Click on a link, answer a call from “tech support,” or even taking a Facebook survey can lead to you being scammed.
Special Agent Edward Arias of the Honolulu FBI Cyber Squad, Lorie Sides from the Hawaii Better Business Bureau and Jackie Boland from AARP Hawaii will talk about how to protect yourself and someone you love from computer scams at a free AARP Fraud Watch Network “Operation: Stop Scams” workshop on Thursday, April 27.
Some common scams to watch out for include:
Ramsomware: A hacker infects your computer with malicious software that prevents you from accessing your files or threatens to destroy your data unless you pay a fee of several hundred dollars to recover it.
Tech Support or Remote PC Repair: A caller, email, or pop-up ad claims to be from a real company such as Microsoft or a fake computer firm and warns that your computer has been infected with malware that will corrupt your files and tries to trick you into giving them full access to your files.
Phishing: Unsolicited emails that resemble emails from real companies like your bank asking you to update your password. It could also be from a friend whose account has been hacked asking you to click to see attached photos that show nothing or an error message. Once you click, you could be giving hackers access to your computer and your personal information.
Facebook Surveys: Con artists set up fake social media accounts, sometimes offering free or discounted merchandise or a contest to get you to fill out a survey or to give them your address and other personal information so they can steal your identity.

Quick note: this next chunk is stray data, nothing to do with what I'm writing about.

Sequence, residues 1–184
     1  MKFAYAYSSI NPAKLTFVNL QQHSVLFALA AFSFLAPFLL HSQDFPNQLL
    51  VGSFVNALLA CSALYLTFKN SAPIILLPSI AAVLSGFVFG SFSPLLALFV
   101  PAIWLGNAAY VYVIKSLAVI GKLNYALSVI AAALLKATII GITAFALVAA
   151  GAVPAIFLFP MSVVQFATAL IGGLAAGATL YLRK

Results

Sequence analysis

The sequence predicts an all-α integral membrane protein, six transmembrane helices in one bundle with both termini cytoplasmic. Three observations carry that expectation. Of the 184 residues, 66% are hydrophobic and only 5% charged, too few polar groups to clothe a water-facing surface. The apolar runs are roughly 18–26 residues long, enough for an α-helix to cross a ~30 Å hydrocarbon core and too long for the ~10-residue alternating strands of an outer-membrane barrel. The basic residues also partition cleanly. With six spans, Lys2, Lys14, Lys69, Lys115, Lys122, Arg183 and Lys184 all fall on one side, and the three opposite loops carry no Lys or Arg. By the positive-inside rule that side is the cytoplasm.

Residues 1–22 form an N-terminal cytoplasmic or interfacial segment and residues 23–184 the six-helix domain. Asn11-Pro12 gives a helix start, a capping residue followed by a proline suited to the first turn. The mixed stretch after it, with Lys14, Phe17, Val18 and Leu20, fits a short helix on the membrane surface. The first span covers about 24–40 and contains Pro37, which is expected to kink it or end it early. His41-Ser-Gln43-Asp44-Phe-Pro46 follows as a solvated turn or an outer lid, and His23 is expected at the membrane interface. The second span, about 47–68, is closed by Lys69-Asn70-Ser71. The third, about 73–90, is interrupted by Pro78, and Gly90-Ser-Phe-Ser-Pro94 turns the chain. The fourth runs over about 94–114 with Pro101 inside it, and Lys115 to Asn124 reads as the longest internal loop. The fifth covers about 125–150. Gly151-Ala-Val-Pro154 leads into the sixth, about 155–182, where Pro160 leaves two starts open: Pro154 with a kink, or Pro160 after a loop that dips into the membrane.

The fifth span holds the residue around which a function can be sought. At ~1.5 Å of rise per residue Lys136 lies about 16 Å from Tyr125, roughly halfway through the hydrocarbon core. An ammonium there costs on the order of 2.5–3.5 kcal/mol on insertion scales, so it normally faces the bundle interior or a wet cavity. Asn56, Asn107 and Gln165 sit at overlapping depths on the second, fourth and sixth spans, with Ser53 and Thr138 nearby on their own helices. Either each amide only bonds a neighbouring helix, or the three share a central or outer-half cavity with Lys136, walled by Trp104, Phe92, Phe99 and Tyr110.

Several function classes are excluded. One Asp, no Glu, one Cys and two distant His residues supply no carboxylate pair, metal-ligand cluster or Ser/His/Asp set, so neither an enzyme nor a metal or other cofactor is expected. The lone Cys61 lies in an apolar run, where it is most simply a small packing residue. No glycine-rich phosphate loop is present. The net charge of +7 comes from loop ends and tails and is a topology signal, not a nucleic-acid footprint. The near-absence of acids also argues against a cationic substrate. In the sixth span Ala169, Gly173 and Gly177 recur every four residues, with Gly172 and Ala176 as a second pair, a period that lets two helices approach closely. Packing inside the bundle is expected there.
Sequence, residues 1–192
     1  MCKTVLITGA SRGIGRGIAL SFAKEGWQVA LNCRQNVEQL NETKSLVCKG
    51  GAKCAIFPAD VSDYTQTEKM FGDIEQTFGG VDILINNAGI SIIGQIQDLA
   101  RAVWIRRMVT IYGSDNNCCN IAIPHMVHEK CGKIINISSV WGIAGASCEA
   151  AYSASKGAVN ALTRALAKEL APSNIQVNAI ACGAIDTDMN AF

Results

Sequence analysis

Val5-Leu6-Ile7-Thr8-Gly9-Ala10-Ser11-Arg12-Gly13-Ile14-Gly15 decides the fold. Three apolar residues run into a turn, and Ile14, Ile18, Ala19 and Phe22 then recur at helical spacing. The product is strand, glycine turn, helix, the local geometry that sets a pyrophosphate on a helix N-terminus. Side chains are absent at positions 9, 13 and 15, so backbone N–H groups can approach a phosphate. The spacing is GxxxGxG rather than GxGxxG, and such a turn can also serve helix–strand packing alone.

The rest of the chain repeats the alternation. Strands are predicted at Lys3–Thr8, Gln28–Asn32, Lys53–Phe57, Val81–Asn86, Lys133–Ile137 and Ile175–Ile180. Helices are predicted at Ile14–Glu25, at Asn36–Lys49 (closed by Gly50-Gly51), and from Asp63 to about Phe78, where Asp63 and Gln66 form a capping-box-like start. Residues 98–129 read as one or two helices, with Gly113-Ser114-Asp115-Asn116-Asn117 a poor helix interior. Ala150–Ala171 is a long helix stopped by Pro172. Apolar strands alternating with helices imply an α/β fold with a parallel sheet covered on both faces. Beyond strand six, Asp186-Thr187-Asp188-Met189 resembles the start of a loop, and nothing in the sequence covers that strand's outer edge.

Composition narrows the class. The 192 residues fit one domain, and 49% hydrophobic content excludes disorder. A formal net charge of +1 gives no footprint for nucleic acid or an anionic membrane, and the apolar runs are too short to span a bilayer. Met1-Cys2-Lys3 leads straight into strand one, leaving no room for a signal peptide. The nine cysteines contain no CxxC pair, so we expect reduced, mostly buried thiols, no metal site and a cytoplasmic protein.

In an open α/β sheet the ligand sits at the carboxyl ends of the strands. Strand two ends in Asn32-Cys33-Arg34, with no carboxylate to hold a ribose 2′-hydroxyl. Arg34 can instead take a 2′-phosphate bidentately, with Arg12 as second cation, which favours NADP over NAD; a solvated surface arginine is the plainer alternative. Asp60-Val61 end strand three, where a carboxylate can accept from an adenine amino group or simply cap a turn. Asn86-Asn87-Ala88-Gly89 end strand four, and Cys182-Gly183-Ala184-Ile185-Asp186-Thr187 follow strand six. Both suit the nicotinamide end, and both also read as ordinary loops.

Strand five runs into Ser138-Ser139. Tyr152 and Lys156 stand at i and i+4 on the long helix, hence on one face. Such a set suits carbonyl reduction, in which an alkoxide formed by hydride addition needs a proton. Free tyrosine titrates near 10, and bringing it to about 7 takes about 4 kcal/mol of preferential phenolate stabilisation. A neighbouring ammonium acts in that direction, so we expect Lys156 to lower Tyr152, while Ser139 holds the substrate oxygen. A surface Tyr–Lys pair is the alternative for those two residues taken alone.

The workshop will cover common computer scams in Hawaii and presenters will give tips on how to protect yourself or a loved one and what to do if you think you have been scammed.
The workshop is on Thursday, April 27 from 9:30 a.m. until 11:30 a.m. at the Japanese Cultural Center of Hawaii in Moi‘ili‘ili. There is no charge to attend, but validated parking is $6. To pre-register to to aarp.cvent.com/scam4-27 or call 1-877-926-8300.
The FBI is the lead federal agency for investigating cyberattacks by criminals, overseas adversaries and terrorists. The Honolulu Cyber Squad investigates computer crimes in Hawaii such as ransomware, identity theft on the Internet, data breaches and cyber espionage.
Special Agent Arias was a senior software engineer for aerospace companies for 12 years before joining the FBI in 1996 in New York, where he was assigned to one of the first Computer Intrusion Squads in the FBI. He worked at the Cyber Specialized Training Unit at FBI Headquarters and was a Cyber Crime Instructor at the FBI Academy in Quantico, Virginia. Arias transferred to the Honolulu Division Cyber Crime Squad in 2006.